Running With Asthma


Asthma Improved with Running

Well, it’s official.  In my last entry I alluded that I might be on to something, that my exercise-induced asthma was actually better with more mileage.  This seems like an oxymoron because exercise asthma basically means I’m allergic to exercise.  But, I’ve noticed a huge difference between running 2 or 3 miles and running 6 or 8 miles. I’ll tell you the real kicker in a minute, but first, some context. 

Other kinds of asthma (“regular asthma” for lack of a better term) is allergy related.  If you are allergic to scents, dust, animal dander, etc., then for the most part, you can remove yourself from the allergen trigger and your asthma will subside; the airways in your lungs will stop swelling and will begin to relax.  Of course, you might need the aid of an Albuterol if the swelling is severe enough.

But, with exercise-induced asthma, in my particular case anyway, since my trigger is exercise, it is a little more difficult to remove myself from the trigger.  For example, if I run, the airways in my lungs react and become swollen, constricting the air flow. Once this happens, as long as my body is still in motion, my lungs think we are still exercising and therefore keep swelling.  So I personally have a hard time running in the morning or middle of the day because I still have to get through the rest of the day: straightening the house, vaccuuming, work, laundry, shuffling kids, grocery, etc, etc.  As long as I’m still moving, my lungs cannot relax and I cannot attend to my duties as mom, businesswoman and wife.  To combat this, I run in the evening and then sleep it off.

On a side note, my husband has prepared dinner many times when I’ve over-exerted myself and helped with putting the kids to bed while I laid on the couch or bed trying to keep myself from moving into a full-blown asthma attack.  God bless him and his patience is this area.  His other areas are not so patient but that’s another story and another blog!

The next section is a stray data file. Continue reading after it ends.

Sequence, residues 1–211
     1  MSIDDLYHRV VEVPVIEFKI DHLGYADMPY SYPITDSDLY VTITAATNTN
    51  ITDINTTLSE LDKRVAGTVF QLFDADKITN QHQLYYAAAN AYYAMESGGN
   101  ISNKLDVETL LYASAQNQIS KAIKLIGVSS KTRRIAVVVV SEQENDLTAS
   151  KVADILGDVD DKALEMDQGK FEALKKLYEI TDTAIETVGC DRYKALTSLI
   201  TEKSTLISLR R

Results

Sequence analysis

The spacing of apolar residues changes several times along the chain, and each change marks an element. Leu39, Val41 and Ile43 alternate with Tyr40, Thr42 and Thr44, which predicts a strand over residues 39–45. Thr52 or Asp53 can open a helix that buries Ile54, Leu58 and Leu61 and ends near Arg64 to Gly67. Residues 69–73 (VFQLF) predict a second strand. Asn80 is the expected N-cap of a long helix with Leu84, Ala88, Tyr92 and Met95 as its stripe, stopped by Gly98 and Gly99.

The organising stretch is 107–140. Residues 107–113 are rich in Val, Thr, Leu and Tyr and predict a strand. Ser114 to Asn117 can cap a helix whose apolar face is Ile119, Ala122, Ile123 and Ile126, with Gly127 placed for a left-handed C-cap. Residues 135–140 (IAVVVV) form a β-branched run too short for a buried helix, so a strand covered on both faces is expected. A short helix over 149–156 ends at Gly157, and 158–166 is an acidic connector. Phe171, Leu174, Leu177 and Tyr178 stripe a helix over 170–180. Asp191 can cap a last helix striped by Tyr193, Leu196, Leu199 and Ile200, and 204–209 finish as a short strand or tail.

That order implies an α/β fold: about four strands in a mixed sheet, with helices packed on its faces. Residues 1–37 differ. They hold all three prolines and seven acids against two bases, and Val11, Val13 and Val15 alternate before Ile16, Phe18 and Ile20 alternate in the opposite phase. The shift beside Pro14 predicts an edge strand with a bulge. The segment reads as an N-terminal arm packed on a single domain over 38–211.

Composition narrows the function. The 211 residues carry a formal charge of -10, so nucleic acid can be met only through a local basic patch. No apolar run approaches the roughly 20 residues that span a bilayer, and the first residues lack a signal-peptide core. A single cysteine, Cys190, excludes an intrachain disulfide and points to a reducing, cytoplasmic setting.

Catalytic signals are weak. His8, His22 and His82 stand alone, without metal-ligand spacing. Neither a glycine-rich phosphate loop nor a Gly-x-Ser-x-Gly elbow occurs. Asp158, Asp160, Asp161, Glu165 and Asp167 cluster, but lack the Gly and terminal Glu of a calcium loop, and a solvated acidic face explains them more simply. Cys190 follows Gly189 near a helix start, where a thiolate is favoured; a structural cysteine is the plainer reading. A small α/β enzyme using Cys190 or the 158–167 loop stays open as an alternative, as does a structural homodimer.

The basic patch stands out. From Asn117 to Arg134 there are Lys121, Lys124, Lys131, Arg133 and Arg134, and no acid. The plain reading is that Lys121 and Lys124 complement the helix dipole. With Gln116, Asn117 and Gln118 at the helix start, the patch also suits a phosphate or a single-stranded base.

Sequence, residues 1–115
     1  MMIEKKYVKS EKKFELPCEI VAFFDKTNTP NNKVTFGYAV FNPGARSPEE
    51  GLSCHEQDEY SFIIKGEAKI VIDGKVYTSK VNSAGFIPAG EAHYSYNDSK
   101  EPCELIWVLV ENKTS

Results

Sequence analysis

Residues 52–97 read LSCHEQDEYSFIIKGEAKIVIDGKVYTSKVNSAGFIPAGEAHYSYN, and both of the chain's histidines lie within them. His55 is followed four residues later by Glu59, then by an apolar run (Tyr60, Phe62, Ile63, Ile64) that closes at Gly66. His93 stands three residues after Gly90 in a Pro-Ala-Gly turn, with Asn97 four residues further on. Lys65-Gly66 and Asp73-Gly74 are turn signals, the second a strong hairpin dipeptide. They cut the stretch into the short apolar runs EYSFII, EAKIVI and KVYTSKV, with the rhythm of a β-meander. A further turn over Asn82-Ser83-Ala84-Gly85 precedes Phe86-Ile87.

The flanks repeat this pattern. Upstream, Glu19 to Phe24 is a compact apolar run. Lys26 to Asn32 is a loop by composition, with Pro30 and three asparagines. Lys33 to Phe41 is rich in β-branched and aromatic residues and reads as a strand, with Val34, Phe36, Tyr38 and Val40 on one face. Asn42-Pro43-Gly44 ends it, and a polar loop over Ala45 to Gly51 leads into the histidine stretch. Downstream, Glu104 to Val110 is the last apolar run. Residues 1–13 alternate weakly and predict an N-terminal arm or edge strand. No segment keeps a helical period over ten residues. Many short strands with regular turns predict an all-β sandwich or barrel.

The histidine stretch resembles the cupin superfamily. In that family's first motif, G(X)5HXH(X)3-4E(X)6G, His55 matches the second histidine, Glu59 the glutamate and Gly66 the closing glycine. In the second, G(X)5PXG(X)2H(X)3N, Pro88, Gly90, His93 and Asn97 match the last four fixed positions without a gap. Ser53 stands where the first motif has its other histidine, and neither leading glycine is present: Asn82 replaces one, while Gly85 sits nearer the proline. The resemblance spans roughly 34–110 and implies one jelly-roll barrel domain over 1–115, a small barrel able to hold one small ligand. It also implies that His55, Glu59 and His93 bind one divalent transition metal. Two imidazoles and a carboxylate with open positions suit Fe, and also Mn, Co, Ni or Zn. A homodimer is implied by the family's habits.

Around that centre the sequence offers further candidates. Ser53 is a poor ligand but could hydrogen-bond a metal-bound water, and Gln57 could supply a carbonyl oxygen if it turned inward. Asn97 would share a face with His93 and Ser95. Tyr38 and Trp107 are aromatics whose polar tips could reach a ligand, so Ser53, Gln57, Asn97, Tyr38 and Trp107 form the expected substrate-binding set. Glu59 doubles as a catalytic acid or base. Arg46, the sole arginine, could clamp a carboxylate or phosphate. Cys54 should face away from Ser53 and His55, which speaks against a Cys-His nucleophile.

Now,  here is the interesting part.  I’ve gotten to the point that if I don’t exercise my lungs begin to be symptematic.  I’ve also noticed that I am much more symptematic after running 2 -3 miles than I am after running 4-8 miles.  And, here is the real kicker:  I’ve decreased my Advair from 250 to 150.  More running, less medication!  My Dr. wasn’t too sure about me lowering the dosage but I insisted I wanted to try because I was feeling so much better.  I told her I could always go back.  But, 2 weeks later, I’m still feeling great. 

Last week I got myself into some trouble with all the increased running.  I discovered I was overtraining for the upcoming 1/2 marathon.  My legs were killing me.  My body was tired.  My lungs kept up, which was a welcome relief, but the rest of me couldn’t handle it.  This, I’m told, is a classic beginner mistake.  Too much, too soon.  So I took a break.  A funny thing happend.  By Sunday evening (3 days after my last painful run), and yesterday (Monday) afternoon, my lungs felt like they were closing!  Because of all the resting and taking it easy, fluid was building up, my voice changed, I had to keep taking deep breaths.  My lungs needed the exercise to open back up. 

So last night, for my long run for the week, I ran 8 miles.  This included 3 miles of cross country hills.  I did fine!  My body was rested, my lungs sucked in the air and for the first time, I felt like they were actually thanking me for the exercise instead of punishing me.  They want to work!  I like to run, but I guess I will  be running whether I like it or not because if I rest too much, and don’t get enough exercise, my lungs react by swelling the airways.

The key for me, and the hard part because I’m impatient, is to go slow.  I tried really, really hard last night to keep myself at a 12 minute mile because I was going far, but I coudn’t do it.  My body wants to be at a 10 minute mile.  My brain and my heart want to do an 8 minute mile but that’s for the future.  I ran the 8 miles in 1 hour and 20 minutes.  Through the hills I did 12 minute miles so I must have gone faster than a 10 minute mile somewhere along the way.  The Garmin ran out of battery so I will never know.

If you’re struggling with this like I am, there’s hope!  I think I’m going to start my own definition of exercise-induced asthma.  Instead of being allergic to exercise, I’m going to say that my lungs are addicted to exercise and I have to feed the addiction or they will rebel.  This time,  not from exercise, but from the lack of it.



Running Farther
September 18, 2008, 3:58 pm
Filed under: Asthma | Tags: , ,

This week is another milestone and another epiphany.  My lungs feel better after running 5 miles than they did running 2 or 3.  Weird!  I’m tired, but, my lungs are more open and not the part of my body holding me back today.  Today my muscles are sore.  My short-term goal is the same:  to do the 1/2 marathon November; even if I have to run/walk, run/crawl.  This past Sunday I hiked 2.5 miles up a mountain and then jogged 2.5 back down again. I could hear my heart beating out my mouth!  It was clicking.  (I also have MVP) If I add the distance from the truck to the trail, it was a total of 5.65 miles.  Last night I did a slow run of 5 miles.  Two of those miles were cross-country through the hills.  My husband said he sees a difference in my asthma overall with the increased running.